Understanding the US/Mexico Border through experiential education
Annunciation House has been working in El Paso/Ciudad Juarez since 1978 operating houses of hospitality for migrants and refugees. Annunciation House is a Catholic organization that accompanies the migrant, homeless, and economically vulnerable peoples of the border region through hospitality, advocacy, and education. It has an all volunteer staff who place themselves among these poor so as transform their understanding of what constitutes more just relationships between peoples, countries, and economies.
In the early 1990s Annunciation House developed the Border Awareness Experience (BAE). The objective of the BAE is to facilitate face to face meetings and encounters between participants and people and groups on both sides of the border. It intends to raise consciousness about the issues facing the border such as immigration, economic development, human rights, and social justice. The BAE also educates North Americans about our role and responsibilities in today’s globalized world.
The US/Mexico border is a unique are where the ‘First World’ meets the ‘Third World’. It is a region where multiple factors (social, political, economic, cultural, environmental) come into play. It is worth understanding for its own intrinsic value, but perhaps more importantly, we can learn much by seeing the border as a microcosm of today’s globalized economy.
The El Paso and Ciudad Juarez metropolitan area is the biggest border community in the world. The combined population of both cities is close to 3 million people. Since 1964 Juarez has experienced enormous population growth due to the influx of maquiladora factories. These factories have provided jobs but also caused various social problems that afflict the city. El Paso and Ciudad Juarez are also one of the main entry points into the US for undocumented workers and drugs.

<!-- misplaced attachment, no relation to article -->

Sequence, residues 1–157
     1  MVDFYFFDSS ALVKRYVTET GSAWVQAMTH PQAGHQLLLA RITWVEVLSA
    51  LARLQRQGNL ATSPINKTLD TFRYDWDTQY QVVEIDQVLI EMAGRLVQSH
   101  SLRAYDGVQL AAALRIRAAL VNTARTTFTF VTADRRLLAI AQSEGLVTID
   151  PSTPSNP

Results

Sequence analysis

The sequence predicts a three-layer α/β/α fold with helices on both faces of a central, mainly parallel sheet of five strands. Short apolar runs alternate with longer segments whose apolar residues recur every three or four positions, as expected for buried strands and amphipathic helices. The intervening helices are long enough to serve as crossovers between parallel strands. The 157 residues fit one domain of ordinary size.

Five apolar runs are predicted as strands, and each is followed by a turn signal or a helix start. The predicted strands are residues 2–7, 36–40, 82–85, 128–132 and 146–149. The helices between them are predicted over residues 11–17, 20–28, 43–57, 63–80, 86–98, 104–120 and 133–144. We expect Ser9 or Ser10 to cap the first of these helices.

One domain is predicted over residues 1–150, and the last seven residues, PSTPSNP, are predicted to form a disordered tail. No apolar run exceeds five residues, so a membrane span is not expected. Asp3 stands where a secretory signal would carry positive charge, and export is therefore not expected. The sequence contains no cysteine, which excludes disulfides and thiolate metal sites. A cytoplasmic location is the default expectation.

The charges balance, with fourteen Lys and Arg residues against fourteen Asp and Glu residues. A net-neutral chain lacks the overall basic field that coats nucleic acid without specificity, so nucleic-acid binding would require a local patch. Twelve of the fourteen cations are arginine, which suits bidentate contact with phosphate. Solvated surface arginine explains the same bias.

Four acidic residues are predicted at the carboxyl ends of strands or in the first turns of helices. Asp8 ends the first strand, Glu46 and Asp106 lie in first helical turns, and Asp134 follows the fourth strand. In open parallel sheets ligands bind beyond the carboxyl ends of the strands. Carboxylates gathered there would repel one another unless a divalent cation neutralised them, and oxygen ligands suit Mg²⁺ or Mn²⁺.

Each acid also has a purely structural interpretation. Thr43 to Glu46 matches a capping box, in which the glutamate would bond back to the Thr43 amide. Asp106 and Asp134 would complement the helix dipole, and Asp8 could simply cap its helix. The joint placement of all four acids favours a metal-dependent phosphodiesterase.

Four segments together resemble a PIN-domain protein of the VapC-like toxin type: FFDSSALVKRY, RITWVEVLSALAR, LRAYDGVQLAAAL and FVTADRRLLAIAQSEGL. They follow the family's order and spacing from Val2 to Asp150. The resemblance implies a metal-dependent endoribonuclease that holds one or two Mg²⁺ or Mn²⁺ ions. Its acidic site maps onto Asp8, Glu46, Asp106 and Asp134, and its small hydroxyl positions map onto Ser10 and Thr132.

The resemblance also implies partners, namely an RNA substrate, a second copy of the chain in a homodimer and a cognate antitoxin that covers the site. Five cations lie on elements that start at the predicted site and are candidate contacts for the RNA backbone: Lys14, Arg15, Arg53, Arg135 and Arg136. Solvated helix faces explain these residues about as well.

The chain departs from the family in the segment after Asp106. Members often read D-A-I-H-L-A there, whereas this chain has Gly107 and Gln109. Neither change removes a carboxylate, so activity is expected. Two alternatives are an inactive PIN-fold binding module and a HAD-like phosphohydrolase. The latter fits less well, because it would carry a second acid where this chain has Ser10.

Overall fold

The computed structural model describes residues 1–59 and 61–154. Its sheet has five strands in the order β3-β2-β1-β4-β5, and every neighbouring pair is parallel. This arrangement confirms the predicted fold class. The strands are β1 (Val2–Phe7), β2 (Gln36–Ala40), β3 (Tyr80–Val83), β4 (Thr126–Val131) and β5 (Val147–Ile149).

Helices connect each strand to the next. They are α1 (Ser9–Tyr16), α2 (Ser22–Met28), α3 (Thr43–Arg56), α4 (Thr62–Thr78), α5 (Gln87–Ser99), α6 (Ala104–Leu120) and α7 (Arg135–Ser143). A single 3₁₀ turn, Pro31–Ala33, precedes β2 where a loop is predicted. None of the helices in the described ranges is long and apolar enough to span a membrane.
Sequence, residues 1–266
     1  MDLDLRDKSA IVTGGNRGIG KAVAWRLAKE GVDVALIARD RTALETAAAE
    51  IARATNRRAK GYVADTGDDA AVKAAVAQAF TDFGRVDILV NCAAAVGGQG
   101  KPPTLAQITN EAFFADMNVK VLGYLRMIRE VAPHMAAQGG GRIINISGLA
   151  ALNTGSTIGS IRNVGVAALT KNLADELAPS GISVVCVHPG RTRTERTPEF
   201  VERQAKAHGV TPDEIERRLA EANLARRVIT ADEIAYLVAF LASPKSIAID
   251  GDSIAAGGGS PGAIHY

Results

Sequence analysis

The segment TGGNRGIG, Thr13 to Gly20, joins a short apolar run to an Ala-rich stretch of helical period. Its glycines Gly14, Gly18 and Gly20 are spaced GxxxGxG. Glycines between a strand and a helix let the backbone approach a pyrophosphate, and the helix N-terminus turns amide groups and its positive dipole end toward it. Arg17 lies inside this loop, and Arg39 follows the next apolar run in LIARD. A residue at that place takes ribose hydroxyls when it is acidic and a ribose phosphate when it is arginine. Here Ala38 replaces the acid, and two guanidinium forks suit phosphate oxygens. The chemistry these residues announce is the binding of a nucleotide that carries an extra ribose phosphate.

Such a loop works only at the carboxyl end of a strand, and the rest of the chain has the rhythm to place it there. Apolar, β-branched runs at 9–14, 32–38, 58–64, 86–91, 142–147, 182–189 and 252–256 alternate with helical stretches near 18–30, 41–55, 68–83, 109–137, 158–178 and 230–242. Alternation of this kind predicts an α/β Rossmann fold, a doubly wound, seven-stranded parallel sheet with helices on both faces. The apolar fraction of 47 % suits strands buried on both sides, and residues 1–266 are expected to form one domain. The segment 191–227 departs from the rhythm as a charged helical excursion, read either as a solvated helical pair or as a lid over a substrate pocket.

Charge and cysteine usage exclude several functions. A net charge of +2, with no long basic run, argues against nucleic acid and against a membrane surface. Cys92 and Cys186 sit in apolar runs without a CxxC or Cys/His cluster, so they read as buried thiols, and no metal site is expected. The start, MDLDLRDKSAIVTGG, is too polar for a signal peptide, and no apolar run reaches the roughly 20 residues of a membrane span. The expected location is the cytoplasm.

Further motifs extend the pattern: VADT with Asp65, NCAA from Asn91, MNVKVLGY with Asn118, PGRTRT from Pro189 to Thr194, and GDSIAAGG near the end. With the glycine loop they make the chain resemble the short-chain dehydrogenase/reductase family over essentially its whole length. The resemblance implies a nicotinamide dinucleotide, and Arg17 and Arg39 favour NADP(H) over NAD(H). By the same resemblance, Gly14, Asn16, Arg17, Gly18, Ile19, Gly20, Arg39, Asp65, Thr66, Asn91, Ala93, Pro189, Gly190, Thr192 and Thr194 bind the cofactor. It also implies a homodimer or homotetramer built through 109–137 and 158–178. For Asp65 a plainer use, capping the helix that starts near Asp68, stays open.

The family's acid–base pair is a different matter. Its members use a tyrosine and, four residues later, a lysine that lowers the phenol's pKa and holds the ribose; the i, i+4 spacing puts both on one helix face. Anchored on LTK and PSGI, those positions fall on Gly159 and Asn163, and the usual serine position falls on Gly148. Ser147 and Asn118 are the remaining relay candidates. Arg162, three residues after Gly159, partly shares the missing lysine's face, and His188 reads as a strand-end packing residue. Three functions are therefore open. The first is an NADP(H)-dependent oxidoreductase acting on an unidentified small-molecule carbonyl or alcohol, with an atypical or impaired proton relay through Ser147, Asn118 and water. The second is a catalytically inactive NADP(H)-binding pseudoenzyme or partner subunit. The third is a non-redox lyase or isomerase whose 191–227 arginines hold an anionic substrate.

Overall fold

The BAE is an immersion experience. More than being an informational tour, it seeks to immerse the participants in the border culture and realities of the many people and groups that live and work here. The food that you will eat and the conditions which you will live in are as much a part of the experience as the people and groups that you will meet
What is a typical day on a BAE?
A typical day may include:
- Visiting the US Border Patrol
- Listening to the stories of migrants and refugees
- Touring a maquiladora
- Meeting human rights activists
- Staying in a migrant shelter
- All participants, regardless of faith, backgrounds, and beliefs are welcome.
- Cost is $80 per person per day.
- Pack lightly.
- Accommodation is dormitory style.
- Bedding is provided.
- Three meals a day will be provided. Food is simple but filling.
- US citizens will need a passport or original birth certificate.
- Non-US citizens will need correct documentation or visas.
- Daily reflections/debriefings are an integral part of the BAE.
- Spanish is not required since translation will be provided.
If you would like more information or would like to inquire about participating in a BAE please contact at the address below or through this email form:
815 Myrtle Ave,
El Paso, TX 79901
Phone: (915) 533 4675